Laughing, von Wildenstein retorted, "We'll beat them again, my dear Bülling, I have a cousin with von Deroy in the Palatinate, he says they may be pushing into France again, talks of Royalist support, but I don't know how much I'd believe it."

"Maybe an army of headless men?" Kapfelmann butted in, "You saw it, seems like they've done a good job of destroying their own country, maybe we should just leave 'em to it." He took another sip, glancing around the darkened grounds of the palace grounds.

"I would've thought a man like you, Kapfelmann, would have a little more patriotism." von Wildenstein replied, "Their ideas infest the minds of the simple folk, so I'll be keeping an eye on you." He laughed and smacked Kapfelmann's shoulder. Turning back to Bülling he said, "We'll have our revenge, this time the Prussian's will fight a little harder..."

"They did what they could." Bülling retorted, "Herr Kaiser could've fought harder. I just still hear those damn cannons, boom, boom, boom." he mimicked, "Like damned clockwork, the bastards ran well."

Pausing, von Wildenstein put his hand on Bülling's shoulder and sighed, "Don't worry lad, we'll get our chance, soon enough, we'll be parading in Versailles before you know it. You're relief will be here soon, stay vigilant." Bülling nodded to the Oberleutnant, as he made his exit with Kapfelmann, who was uncharacteristically quiet.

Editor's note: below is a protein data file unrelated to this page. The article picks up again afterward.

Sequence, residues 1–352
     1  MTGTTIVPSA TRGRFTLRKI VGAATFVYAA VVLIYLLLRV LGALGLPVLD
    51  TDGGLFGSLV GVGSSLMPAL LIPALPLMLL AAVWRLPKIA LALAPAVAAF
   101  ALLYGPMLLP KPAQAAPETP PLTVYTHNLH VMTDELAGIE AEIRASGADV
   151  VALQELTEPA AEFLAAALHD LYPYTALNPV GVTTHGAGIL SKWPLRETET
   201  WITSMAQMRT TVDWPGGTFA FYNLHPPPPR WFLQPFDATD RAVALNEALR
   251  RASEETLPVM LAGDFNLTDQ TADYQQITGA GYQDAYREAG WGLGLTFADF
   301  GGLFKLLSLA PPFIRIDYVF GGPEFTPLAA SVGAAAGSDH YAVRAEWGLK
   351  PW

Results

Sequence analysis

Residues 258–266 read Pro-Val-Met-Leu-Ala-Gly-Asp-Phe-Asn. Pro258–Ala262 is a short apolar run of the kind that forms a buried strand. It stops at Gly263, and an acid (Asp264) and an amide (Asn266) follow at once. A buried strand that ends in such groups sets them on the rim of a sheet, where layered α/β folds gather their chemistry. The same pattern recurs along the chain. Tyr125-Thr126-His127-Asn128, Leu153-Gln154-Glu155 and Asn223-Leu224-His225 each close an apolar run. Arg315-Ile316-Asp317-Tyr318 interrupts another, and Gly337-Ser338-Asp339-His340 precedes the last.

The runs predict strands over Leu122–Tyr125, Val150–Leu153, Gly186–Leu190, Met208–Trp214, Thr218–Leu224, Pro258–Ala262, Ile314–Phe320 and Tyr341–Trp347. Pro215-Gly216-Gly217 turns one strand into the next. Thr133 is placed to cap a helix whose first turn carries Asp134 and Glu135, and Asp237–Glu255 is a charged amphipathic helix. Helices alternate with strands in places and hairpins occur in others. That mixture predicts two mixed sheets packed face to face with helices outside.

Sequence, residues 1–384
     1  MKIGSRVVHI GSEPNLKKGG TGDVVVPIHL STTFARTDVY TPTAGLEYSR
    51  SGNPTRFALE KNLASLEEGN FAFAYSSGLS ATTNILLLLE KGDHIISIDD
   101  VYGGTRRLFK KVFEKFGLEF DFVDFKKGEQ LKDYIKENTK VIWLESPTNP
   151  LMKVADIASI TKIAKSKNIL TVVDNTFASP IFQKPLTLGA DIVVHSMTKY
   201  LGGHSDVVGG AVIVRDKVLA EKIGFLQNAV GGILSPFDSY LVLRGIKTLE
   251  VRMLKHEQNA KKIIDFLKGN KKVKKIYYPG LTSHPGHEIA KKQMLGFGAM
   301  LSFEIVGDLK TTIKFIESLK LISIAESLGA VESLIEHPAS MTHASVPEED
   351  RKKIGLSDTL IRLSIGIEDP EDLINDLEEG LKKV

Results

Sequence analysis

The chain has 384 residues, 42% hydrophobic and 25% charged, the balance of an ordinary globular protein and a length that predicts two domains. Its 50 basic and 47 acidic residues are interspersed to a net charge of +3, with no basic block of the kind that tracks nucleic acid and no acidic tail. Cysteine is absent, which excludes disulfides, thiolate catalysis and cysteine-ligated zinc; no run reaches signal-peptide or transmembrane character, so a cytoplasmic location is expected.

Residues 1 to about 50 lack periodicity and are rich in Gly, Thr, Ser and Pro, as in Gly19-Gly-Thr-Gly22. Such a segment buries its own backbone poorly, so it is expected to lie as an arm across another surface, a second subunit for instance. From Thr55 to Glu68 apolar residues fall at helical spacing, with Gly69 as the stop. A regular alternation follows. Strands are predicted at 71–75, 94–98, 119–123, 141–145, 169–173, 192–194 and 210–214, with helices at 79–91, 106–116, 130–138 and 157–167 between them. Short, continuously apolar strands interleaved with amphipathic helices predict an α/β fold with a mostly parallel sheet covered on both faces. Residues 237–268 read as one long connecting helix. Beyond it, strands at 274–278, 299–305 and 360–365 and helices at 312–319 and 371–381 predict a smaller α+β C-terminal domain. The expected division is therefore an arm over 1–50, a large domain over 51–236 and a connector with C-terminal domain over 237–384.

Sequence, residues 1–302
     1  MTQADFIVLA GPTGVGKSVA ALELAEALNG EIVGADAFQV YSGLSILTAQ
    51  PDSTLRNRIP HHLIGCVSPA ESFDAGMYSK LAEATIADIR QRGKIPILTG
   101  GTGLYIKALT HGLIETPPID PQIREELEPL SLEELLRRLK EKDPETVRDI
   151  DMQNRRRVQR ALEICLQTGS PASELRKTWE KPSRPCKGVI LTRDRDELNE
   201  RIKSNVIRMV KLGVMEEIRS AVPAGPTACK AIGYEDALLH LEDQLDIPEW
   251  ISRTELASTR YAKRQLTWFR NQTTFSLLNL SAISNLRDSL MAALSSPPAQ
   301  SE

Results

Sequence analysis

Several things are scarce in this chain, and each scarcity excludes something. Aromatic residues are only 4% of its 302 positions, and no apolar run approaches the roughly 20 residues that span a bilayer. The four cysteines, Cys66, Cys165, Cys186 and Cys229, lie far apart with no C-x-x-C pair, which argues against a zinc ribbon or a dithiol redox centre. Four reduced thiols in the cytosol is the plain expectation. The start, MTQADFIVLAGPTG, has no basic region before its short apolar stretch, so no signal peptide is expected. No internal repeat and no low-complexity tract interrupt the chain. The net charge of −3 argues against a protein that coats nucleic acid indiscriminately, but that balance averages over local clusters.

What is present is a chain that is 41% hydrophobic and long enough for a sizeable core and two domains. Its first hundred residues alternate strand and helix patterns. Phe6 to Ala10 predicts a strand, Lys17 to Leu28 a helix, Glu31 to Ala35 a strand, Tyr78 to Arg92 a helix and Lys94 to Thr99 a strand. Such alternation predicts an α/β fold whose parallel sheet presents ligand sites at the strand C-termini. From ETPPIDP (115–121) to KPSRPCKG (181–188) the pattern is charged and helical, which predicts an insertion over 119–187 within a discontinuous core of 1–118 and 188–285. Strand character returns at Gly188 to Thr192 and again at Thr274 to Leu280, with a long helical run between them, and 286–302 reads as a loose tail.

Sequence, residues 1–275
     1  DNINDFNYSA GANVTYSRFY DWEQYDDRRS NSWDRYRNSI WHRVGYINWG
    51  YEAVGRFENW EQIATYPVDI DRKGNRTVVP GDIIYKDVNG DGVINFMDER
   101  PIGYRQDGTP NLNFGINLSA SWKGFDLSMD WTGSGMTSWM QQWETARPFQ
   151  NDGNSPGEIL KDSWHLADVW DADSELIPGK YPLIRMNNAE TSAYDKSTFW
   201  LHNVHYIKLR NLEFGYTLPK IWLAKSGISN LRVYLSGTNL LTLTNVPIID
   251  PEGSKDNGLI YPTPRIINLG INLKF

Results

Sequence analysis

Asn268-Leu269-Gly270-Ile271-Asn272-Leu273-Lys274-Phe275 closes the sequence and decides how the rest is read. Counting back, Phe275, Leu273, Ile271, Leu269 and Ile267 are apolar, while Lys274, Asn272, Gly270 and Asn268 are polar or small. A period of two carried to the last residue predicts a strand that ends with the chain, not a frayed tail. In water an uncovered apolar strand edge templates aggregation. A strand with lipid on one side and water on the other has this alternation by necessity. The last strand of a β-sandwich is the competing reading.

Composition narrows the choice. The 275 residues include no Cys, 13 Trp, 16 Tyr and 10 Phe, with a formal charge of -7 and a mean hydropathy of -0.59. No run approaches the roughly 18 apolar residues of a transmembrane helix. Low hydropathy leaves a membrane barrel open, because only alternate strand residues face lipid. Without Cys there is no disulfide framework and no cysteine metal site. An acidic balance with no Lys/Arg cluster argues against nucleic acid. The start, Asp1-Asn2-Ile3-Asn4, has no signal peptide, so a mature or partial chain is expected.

SALON OF THE ELECTOR, NYMPHENBURG PALACE, MUNICH, THE GRAND BAVARIAN ELECTORATE




Elector Karl Theodor, gazed outside the window, warmed by the fireplace nearby, snow stuck to the windowsill, he could count himself glad to be inside today. That was not exactly the truth, as he was expecting visitors, Field Marshall von Deroy and Generalmajor von Wrede and Hügel, the Württemberger. It was most likely going to be another conversation about the failings of the army, ever since Provins it was always that, von Deroy and him had a yelling match outside of Metz, thankfully away from the Prussians and most of the higher Bavarian officer corps, the supposedly stable army had failed, taking Metz was what saved von Deroy in the eyes of Karl Theodor, although even he recognised he couldn't have sacked his version of Suvorov.